Note: this story originally ran the day after Jon Stewart said he would be leaving The Daily Show. The post still offers fresh insights and works well as a tribute to Stewart’s incredible run and sui generis approach to comedy, so we are re-surfacing the piece today to celebrate (and, let’s face it, mourn) his last day at the DS.
Last night, just before throwing to a clip of a chimp washing a cat, Jon Stewart announced that he will be retiring from The Daily Show after 17 years at the faux-anchor desk. It may not have been as dramatic as Howard Beale announcing his imminent suicide on air in Network, but Stewart’s decision sent a ripple across the media, social and otherwise, and is likely to be discussed for months to come.
A journeyman stand-up and character actor when he joined The Daily Show, it’s interesting that Stewart framed his announcement as a referendum on work: “Seventeen years is the longest I have ever in my life held a job by 16 years and five months,” he said. “The upshot being, I am a terrible employee.”
Stewart called working on The Daily Show “the honor of my professional life,” and expressed his gratitude to the executives who hired him 1998 and the team he worked with, as well as his audience. The host’s graciousness didn’t feel tactical (praise up; praise down; thank the customers), but rather an expression of a genuine humility he’s managed to hold onto even as his show has won 20 Emmy Awards, played host to sitting presidents, former heads of state, and Jennifer Lawrence.
Not for nothing is Stewart’s production company called Busboy and its “vanity card” features the sound of Stewart whispering his apologies for spilling a drink. This is a guy who remembered where he came from and understood that work—busing tables, telling jokes in godforsaken Ha-Ha Holes in Bumfuck, or hosting the Oscars—is its own reward.
What else can you learn from Jon Stewart’s career? For this, we turn to Fast Company’s bullet points.
Before Stewart took over as host of The Daily Show with Jon Stewart in 1998 (the show’s name suddenly making a whole lot more sense), he’d bounced around comedy and acting for a decade. Perhaps you remember his short-lived MTV show or his turn as “Bob the Jewish Doctor” on The Nanny. Stewart’s name had been bandied about for several high-profile gigs, including replacing David Letterman (before someone named Conan O’Brien was given the job), but nothing seemed to last very long until he was tapped to replace Craig Kilborn, The Daily Show’s original host who’d famously flamed out in 1997 after making sexist comments about the show’s co-creator and producer, Lizz Winstead. Suddenly, at 35, Stewart had a steady gig and history—or at least a lot of good comedy—was made.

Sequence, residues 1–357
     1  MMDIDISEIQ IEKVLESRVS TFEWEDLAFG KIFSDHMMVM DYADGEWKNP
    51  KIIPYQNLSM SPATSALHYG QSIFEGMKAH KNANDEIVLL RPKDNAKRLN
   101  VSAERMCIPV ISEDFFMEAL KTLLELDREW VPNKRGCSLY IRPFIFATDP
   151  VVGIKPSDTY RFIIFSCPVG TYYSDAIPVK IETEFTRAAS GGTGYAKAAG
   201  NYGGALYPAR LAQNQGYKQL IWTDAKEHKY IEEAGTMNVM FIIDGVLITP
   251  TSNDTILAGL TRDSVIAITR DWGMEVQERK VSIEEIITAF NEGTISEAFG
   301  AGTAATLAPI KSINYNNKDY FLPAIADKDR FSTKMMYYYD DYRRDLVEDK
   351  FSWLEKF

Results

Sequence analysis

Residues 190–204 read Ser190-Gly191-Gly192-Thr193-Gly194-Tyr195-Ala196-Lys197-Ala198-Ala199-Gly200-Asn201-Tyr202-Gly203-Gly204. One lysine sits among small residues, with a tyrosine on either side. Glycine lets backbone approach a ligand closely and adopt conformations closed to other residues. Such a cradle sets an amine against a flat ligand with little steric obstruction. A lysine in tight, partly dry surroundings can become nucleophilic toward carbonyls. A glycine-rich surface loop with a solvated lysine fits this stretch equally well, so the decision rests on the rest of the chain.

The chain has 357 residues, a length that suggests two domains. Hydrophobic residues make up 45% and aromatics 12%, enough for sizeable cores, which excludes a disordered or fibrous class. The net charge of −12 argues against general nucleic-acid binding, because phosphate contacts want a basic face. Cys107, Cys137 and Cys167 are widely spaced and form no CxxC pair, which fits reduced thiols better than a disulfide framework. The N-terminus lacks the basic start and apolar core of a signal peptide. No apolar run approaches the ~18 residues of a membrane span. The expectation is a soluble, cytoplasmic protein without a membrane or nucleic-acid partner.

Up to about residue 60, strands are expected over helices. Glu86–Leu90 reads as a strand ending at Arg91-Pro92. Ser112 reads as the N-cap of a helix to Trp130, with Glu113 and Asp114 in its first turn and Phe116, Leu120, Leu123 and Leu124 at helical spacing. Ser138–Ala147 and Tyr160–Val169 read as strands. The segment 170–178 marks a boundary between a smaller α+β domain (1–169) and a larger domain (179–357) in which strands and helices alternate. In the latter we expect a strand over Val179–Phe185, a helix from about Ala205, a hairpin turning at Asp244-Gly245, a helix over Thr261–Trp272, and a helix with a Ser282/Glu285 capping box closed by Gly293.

The takeaway: It doesn’t matter if your resume has more weird descriptions than a Greek diner menu: When you find the right job, it’ll be right, even if you’re practically middle aged.
In a 2002 New Yorker profile, writer Tad Friend described Stewart this way: “Though he quit his fraternity at William & Mary after six months because he hated the enforced friendships and the hazing, he still exudes a fraternal ‘Need a hand with that keg?’ air. He calls his colleagues ‘chief’ and he shakes the cameramen’s hand after each show.”
Stewart seemed to understand that every job is just a gig and that the way you treat the people around you is as important as what you do. Sure, he had some early missteps (there’s a story about Stewart throwing a newspaper or a script at show co-creator Madeleine Smithberg’s head,) but by all accounts, Stewart was a respectful and decent to his people and worked hard. In the same piece, Stewart told Friend, “When I tended bar, after college, I was always happier behind the bar, not out rocking to the band.”
The takeaway: Do the work. Be good to people.
Yes, his name was in the show’s title—which was probably so weird when Craig Kilborn hosted—but Jon Stewart was merely the first among equals. He helped boost the careers of Stephen Colbert, Steve Carell, John Oliver, Rob Corddry, Samantha Bee, Wyatt Cenac, Olivia Munn, Henry Kissinger, and countless others. Whenever he won an Emmy (which was often), Stewart brought up his writers—a rumple of bespectacled nebbishes who’d just barely managed to adjust their comb-overs before galumphing on stage—and shared the spotlight with them. He did this for many reasons having to do with pity, but also because he understands that without a team, he’d probably be galumphing alone into his agent’s office asking if Fran Drescher called about a Nanny reunion special.
The takeaway: Writers are losers. Also, talent respects talent.
In his departure announcement, Stewart said he had “a lot of ideas… I got a lot of things in my head.” In November he’d turned 52 years old (that’s 364 in comedian years) and he’d just released his directorial debut, Rosewater. Perhaps the anchor chair had gotten a bit too comfortable for him and he’s ready for the next challenge. There is an election coming up in 2016 and he was already drafted to run once. Whatever he decides to do, he’ll be doing it on his own terms, something we all can learn to do more. No job, no matter how great or how many times it lets you interview Jennifer Lawrence, should keep you complacent. Jon Stewart has ideas! How exciting is that? The smart money says we’ll hear from that kid, and I don’t mean a postcard.
The takeaway: Thanks, Jon.
Jon Stewart’s Best Moments: